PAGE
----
Last Updated on April 6, 2015 by cassnetwork
Some of Logansport’s elected officials have promised hundreds of jobs, hundreds of millions of dollars in private investments and lower electric rates as part of a “rate stabilization initiative” introduced in November 2012. Despite failed negotiations with two companies, they say they’ll keep trying. At a meeting tonight,the council voted unanimously to terminate the purchase power agreement and development agreement with Logansport Energy Group LLC.
In November 2012, the city and LMU requested proposals from companies who could build a new power plant powered by “refuse-derived fuel” instead of coal and paid consultants to analyze the proposals and make a recommendation. The consultants recommended a Florida-based company called Pyrolyzer LLC and the mayor spent a year negotiating with that company.
In April 2014, the mayor and LMU superintendent said that Pyrolyzer was officially out of the picture and the Logansport City Council and LMU’s Utility Service Board signed an agreement to buy electricity from a yet-to-be formed company called Total Concept Solutions (TCS) Logansport Energy Group LLC. A development agreement was also approved, but it was all contingent upon the company writing the city a check for $1.75 million by March 31, 2015.
City officials called it a “franchise fee” and said it would recoup the money the city had spent pursuing the project.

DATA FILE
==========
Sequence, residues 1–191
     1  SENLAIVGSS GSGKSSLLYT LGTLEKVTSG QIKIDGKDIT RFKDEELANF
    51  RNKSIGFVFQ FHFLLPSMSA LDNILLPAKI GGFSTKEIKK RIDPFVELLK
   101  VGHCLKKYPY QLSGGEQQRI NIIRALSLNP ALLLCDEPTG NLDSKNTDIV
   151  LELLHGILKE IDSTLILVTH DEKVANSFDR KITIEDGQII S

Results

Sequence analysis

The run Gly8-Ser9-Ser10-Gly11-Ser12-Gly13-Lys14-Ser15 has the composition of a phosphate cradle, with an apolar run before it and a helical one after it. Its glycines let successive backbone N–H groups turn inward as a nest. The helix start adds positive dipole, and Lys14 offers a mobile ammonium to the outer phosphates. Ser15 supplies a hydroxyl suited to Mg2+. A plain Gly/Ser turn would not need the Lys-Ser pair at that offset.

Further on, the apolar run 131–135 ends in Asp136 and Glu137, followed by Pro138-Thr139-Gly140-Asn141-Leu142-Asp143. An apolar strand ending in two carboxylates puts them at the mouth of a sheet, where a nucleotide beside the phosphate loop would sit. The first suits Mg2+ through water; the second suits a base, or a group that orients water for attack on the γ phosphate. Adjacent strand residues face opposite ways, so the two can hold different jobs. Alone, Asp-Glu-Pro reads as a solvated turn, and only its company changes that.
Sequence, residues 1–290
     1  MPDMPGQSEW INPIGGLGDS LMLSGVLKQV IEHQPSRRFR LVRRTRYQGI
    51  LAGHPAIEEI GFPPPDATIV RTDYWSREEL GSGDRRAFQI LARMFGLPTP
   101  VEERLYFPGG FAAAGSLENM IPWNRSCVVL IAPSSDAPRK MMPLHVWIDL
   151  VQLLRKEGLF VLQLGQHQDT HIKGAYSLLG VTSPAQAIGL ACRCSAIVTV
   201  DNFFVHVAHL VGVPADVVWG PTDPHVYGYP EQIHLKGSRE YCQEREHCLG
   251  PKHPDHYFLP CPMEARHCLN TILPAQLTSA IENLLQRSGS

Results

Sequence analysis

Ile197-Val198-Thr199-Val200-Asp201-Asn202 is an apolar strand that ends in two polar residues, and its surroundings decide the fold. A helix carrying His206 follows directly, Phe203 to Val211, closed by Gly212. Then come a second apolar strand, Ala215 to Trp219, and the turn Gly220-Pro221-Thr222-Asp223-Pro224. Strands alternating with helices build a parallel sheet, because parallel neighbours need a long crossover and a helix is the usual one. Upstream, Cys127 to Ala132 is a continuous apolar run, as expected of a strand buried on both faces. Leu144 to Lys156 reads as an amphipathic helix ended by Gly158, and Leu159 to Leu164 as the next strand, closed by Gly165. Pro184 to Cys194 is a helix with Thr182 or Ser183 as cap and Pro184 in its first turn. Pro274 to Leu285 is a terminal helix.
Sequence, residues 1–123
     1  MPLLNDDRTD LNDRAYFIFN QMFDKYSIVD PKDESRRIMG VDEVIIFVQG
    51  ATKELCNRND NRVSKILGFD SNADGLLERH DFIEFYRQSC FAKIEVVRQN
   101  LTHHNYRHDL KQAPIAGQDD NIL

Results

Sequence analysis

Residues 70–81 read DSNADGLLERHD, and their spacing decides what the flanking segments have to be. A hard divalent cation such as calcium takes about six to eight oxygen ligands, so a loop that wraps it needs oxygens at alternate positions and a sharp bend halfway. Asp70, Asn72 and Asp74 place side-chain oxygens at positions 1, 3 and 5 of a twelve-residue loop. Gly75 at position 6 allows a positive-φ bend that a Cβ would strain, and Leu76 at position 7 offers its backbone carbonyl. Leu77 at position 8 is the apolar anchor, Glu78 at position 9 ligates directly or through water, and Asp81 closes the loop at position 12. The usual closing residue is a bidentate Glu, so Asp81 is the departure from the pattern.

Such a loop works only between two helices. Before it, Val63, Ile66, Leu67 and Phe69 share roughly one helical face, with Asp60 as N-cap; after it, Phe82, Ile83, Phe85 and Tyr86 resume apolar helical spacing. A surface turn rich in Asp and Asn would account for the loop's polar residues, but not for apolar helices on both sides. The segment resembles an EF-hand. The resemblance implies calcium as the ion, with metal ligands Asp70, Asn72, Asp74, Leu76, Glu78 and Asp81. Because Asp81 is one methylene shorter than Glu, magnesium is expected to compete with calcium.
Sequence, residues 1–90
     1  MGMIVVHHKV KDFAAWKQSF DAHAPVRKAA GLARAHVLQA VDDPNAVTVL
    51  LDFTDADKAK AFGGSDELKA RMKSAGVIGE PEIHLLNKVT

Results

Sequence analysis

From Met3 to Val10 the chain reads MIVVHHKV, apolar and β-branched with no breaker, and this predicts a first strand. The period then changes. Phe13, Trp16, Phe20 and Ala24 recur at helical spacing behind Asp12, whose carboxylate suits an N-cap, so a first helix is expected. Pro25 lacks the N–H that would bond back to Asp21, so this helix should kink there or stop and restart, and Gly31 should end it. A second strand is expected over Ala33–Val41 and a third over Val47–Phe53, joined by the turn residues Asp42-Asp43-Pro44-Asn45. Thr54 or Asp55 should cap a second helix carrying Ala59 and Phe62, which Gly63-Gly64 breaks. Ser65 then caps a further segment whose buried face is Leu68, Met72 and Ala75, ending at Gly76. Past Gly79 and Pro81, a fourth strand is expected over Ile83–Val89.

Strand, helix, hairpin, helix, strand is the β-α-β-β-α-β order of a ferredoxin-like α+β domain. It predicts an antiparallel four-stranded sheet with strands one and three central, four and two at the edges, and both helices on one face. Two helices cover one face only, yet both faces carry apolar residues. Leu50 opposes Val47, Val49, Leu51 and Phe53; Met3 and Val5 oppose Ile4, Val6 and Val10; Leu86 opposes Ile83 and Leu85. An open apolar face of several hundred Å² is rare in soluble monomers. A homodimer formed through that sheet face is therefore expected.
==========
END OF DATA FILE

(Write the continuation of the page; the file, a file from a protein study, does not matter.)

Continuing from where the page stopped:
On March 31, Mayor Ted Franklin said in a press release that a deal with TCS Logansport Energy Group hadn’t been reached, but outlined four more options to provide LMU with electricity to sell its customers when LMU’s electric generating plant is closed later this year. Three of the options include repowering the existing generating plant and tripling its capacity; the other option is for LMU to buy all of the electricity it sells under long-term electric rate agreements.
The project has met with opposition and criticism from some, with one local citizen unsuccessfully taking a lawsuit all the way to the Indiana Supreme Court.
Currently, LMU makes some of its electricity and buys the rest from Duke Energy. It then sells that electricity to LMU customers. LMU’s existing electric generating facility on Race Street is currently scheduled to close this October and that is likely to result in some LMU generating plant employees losing their jobs.
LMU has a contract to purchase its electricity from Duke Energy through Dec. 31, 2018, and must notify Duke of its future plans beyond that by Dec. 31, 2016.
Mayor Ted Franklin told the council tonight that he expects to issue a joint press release tomorrow with another group of investors.